Time. It is hard to ignore. It is in so many facets of our language, our behavior; it rules our days, our nights, our lives.
I had the privilege of knowing Edward Hall who was a cultural anthropologist who lived in the Sante Fe, New Mexico area. This was twenty years ago (more time references). I described seeing a large scale shadow puppetry show at the Cowell Theater at Fort Mason in San Francisco. The piece was by Larry Reed, an artist who had adopted the traditional Indonesian style of shadow puppetry and made it his own. In traditional Indonesian puppetry, the scale is about the size of a queen sized bed. It is an intimate affair with everyone huddled near the screen in order to see the shadows of these unique jointed puppets against the cloth. The light source was almost always fire. Reed had graduated away from this form and started creating large scale performances. (While a resident at the Exploratorium, we had helped him figure out a way to utilize a single point light source that would work for large scale shadows).
I described seeing this new work to Hall. It was enormous; large shadows were cast upon a large cyclorama. I told Hall that although I had loved the one-hour performance it had seemed unnaturally long to me. He said, “Well of course. It would.” Then he launched into a wonderful description of an experiment he had heard of where they tested people and their perception of time. During the experiment, they had placed people within a doctor’s office and told them to tell them when they thought 45 minutes had elapsed. Almost everyone could do this and were correct within a minute or two. Then they had people looking at smaller and smaller images of doctor’s offices until finally they were looking at an image through a small viewer. People became less and less able to perceive when 45 minutes had elapsed. The smaller the image, the more time seemed to fly by, escaping their notice.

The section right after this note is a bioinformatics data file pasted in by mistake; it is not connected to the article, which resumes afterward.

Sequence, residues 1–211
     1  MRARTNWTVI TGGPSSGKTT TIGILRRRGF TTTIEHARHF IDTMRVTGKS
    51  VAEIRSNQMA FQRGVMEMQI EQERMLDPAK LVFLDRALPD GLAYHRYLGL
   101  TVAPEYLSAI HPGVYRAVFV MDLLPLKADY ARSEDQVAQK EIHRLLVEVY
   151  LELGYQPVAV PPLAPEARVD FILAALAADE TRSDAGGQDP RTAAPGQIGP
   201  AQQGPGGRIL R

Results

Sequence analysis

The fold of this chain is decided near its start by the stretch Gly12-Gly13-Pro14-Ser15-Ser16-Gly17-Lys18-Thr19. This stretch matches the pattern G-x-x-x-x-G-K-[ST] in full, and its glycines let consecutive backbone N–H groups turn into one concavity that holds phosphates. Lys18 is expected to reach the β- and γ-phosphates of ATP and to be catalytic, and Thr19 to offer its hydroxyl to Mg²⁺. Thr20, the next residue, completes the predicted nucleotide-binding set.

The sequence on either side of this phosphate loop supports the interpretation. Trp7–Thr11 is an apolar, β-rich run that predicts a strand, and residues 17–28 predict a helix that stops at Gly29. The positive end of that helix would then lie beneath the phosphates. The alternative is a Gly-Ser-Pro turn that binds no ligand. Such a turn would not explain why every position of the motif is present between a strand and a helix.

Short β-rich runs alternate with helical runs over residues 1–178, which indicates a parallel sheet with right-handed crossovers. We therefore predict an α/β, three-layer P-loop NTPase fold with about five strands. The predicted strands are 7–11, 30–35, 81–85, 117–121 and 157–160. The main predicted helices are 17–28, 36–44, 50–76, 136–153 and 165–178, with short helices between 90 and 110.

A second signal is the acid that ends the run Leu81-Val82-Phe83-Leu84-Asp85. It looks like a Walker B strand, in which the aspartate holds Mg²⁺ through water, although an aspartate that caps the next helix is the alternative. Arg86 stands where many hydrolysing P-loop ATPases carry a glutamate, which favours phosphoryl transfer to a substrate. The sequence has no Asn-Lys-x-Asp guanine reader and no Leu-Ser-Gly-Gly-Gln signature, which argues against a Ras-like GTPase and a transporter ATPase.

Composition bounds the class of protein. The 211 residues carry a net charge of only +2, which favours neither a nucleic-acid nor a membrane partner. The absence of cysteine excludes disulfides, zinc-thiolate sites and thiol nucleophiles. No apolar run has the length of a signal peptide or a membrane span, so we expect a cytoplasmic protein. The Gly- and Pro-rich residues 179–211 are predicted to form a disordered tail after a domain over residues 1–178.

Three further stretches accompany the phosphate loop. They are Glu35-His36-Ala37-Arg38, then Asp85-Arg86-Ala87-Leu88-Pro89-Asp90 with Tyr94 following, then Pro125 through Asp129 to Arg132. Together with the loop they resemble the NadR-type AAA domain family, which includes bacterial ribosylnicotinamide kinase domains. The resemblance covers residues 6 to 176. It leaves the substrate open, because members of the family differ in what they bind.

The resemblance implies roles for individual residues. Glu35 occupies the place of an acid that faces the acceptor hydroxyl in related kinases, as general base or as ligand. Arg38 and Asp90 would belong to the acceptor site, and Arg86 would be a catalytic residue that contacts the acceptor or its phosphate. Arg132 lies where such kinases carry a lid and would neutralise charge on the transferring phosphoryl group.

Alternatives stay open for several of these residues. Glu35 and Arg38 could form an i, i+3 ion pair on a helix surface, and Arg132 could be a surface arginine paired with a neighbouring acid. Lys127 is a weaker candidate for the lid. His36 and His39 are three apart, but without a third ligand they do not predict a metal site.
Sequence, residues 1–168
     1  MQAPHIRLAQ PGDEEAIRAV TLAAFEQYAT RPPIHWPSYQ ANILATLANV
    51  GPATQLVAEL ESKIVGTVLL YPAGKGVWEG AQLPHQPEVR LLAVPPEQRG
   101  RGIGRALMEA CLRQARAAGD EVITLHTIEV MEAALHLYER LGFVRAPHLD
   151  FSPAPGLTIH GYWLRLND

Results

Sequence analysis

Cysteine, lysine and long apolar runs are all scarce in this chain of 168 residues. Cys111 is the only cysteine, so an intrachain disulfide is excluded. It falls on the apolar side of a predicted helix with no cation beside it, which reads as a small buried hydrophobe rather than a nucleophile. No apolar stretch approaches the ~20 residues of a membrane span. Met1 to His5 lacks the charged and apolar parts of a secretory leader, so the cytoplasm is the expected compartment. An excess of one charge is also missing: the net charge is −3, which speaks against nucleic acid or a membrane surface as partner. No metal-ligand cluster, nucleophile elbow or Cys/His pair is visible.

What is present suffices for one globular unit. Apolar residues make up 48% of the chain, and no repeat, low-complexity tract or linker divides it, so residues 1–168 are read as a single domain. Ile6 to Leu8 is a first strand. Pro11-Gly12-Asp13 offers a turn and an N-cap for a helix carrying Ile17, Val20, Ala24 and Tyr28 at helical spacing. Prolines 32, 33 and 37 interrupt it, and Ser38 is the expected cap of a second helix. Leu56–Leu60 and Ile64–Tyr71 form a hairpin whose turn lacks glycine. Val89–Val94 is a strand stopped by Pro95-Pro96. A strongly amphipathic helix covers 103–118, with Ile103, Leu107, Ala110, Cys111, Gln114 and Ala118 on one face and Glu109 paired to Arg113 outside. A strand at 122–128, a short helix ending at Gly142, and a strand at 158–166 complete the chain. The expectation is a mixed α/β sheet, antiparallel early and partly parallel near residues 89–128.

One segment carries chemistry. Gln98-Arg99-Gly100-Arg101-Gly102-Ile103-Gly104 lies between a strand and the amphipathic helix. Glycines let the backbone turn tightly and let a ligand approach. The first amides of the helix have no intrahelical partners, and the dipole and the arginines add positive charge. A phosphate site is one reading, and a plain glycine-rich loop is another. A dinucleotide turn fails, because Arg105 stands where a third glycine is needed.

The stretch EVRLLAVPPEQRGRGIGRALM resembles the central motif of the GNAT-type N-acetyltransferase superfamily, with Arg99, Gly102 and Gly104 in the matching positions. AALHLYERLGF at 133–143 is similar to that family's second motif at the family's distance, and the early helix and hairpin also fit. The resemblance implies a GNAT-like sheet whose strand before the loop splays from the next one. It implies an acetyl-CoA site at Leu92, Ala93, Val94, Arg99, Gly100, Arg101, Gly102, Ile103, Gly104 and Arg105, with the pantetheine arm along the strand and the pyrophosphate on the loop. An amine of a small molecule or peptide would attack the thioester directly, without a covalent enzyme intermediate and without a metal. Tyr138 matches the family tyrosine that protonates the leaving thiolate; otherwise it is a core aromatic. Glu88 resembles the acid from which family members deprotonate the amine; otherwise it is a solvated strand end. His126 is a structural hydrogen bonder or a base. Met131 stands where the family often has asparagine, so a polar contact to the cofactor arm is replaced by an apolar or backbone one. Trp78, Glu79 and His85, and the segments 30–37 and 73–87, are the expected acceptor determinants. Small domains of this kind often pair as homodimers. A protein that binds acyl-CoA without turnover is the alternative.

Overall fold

Edward is dead now so I cannot verify this conversation but it does make me wonder. We continue to shift to smaller and smaller screens and I am beginning to think that our perception of time is shifting along with it. I have started using this to my advantage; while on the treadmill, I love looking at that little screen—the minutes fly by.
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